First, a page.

NAD+ has emerged as a vital oxidoreductase cofactor that regulates metabolism, activates sirtuins and maintains mitochondrial function by enhancing oxidative metabolism to promote healthy aging, and can extend lifespan in worms through the UPRmt stress response pathway. The control of mitochondrial and metabolic homeostasis by an evolutionarily conserved NAD+/sirtuin pathway has opened an exciting new area of research that holds great clinical potential. Based on the current evidence, both NAD+ precursors and PARP inhibitors seem as promising candidates for boosting NAD+ levels in cell culture and animal models. However, there are several key questions that remain unanswered. First, whether different pharmacological, genetic and physiological manipulations that boosts NAD+ production lead to enhanced activity of all sirtuin enzymes or whether only a few family members are activated, especially considering the fact that some sirtuins may have opposing actions? Second, how sirtuins located in different subcellular compartments differ in their enzyme kinetics towards NAD+ availability? Third, what may be the optimal dosages, routes of administration, efficacy and bioavailability of compound drugs that raise intracellular NAD+ levels for human application? Future studies that are directed towards understanding these would be highly relevant in designing therapeutic strategies aimed at selective activation of specific sirtuins, and would also aid in translating the results for human clinical application. It is possible that some of the NAD+ boosting drugs show adverse side effects in humans which could preclude their use and/or may be acceptable for only those inherited conditions that are highly devastating. It is also important to determine if NR could be valid substitute to avoid undesirable side effects of other NAD+ precursors such as NA and NAM, for instance when used as lipid lowering drugs [15, 59]. In addition, future studies are required to examine the UPRmt pathway in vivo in mammalian models to identify key signaling molecules involved in mitochondrial protective mechanisms, which will further advance our understanding of the diseases associated with mitochondrial dysfunction, and will allow discovery of new targets to modulate this pathway. Finally, it remains to be determined whether or not boosting NAD+ levels could extend lifespan in higher organisms. Although much remains to be done, based on the steadily growing evidence, the pharmacological modulation of NAD+ levels via NAD+ precursors and PARP inhibitors appears to be an attractive and valid strategy to enhance oxidative metabolism and mitochondrial biogenesis, and holds a significant therapeutic potential in the clinical management of mitochondrial and age-related disorders.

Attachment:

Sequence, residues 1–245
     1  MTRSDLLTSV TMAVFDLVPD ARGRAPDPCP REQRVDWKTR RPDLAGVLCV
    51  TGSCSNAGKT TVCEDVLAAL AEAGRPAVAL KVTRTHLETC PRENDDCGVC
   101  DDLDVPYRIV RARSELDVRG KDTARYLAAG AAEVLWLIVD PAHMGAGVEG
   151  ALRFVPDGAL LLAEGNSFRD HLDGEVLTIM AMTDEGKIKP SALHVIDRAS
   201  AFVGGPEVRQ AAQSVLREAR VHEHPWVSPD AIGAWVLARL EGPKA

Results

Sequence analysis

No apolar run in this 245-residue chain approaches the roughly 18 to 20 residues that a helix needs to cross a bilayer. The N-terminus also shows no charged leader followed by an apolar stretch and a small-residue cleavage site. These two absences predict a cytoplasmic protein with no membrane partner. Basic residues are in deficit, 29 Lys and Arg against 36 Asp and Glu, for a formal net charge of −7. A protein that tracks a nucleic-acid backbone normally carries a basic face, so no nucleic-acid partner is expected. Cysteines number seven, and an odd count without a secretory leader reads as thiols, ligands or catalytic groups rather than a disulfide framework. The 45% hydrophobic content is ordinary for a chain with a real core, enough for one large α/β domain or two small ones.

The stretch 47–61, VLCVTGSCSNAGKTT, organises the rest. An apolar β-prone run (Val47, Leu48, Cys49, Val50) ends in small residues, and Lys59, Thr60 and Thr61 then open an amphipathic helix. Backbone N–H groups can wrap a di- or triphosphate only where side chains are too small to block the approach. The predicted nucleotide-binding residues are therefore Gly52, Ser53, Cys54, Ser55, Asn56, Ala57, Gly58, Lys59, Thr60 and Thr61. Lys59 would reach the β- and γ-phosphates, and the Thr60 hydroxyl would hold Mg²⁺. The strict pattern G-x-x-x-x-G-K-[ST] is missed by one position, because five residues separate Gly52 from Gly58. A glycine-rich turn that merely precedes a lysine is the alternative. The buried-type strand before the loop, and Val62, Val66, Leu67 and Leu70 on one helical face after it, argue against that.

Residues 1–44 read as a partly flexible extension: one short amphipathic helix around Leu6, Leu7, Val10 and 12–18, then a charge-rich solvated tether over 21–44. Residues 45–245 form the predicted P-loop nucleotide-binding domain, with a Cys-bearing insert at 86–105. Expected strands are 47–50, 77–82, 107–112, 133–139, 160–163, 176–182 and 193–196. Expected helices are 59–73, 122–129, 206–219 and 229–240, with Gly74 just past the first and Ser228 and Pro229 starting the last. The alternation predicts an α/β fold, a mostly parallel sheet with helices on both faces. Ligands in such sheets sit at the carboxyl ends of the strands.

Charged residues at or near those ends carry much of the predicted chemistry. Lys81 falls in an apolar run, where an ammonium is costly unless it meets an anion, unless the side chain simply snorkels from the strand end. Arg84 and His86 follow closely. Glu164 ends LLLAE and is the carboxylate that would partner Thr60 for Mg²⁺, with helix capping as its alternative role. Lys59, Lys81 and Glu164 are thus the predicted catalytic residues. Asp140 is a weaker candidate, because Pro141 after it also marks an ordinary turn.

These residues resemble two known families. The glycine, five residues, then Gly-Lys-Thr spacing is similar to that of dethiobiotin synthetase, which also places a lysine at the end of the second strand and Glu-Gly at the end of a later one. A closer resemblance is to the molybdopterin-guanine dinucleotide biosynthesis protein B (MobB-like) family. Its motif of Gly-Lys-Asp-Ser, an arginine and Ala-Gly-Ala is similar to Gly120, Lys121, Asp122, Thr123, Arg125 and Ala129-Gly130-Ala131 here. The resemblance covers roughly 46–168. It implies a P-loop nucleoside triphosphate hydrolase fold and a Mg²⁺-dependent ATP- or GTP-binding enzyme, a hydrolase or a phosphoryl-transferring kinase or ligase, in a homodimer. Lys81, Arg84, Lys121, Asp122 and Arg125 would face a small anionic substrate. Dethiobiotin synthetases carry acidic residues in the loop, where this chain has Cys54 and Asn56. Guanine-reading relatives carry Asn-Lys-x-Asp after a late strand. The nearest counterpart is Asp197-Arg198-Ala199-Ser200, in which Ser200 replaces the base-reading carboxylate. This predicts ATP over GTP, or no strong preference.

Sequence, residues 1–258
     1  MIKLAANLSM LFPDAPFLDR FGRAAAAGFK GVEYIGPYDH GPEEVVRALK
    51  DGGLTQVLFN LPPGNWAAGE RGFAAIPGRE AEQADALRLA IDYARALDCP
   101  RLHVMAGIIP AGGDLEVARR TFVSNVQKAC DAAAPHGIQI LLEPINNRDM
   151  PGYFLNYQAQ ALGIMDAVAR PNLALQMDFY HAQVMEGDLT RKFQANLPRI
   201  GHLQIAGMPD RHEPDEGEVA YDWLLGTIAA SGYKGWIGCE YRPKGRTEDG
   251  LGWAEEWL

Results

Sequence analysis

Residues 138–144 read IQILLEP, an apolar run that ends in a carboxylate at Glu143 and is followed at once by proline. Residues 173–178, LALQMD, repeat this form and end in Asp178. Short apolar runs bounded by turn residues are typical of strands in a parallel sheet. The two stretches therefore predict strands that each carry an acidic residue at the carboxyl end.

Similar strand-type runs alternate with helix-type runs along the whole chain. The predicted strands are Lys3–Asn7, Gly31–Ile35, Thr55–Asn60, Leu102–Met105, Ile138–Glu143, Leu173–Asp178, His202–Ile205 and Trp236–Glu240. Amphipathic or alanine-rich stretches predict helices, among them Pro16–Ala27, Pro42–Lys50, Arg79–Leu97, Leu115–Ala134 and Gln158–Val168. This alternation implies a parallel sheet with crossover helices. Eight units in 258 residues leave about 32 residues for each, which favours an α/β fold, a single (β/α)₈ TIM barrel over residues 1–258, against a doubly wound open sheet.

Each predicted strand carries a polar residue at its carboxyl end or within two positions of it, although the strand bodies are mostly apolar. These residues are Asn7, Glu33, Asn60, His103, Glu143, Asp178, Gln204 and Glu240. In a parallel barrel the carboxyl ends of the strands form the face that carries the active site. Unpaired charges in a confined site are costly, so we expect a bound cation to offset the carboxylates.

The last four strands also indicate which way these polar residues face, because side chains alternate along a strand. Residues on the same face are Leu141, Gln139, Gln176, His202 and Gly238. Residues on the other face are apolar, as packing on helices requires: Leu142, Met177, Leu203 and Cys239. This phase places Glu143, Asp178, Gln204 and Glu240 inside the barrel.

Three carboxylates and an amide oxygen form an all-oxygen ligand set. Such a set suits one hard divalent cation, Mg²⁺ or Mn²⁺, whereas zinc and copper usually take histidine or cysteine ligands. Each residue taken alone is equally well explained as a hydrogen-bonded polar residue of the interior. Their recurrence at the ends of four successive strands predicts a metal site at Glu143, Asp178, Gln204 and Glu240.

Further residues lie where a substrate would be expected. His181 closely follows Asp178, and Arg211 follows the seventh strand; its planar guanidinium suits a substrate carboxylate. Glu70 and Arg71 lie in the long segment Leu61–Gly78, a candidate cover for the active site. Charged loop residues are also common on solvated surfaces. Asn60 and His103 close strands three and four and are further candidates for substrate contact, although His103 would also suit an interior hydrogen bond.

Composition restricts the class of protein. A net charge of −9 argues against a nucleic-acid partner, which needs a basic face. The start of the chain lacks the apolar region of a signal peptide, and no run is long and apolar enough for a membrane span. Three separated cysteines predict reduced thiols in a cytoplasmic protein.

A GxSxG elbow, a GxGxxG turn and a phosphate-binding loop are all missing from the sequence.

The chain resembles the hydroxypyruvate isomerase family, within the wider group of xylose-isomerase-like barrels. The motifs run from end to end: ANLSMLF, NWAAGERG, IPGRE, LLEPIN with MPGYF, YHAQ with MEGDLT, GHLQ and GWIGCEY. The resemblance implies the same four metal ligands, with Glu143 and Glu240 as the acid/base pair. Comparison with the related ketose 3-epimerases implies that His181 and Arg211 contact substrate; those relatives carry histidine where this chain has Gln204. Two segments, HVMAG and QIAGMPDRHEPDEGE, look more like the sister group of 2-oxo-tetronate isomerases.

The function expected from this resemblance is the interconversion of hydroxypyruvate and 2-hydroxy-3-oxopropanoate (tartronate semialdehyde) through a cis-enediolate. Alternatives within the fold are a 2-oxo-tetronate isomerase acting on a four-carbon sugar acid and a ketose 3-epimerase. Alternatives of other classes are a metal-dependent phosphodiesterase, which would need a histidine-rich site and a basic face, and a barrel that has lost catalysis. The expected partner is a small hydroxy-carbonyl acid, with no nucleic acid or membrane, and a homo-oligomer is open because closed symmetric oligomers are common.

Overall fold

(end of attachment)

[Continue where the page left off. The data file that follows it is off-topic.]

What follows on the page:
Abbreviations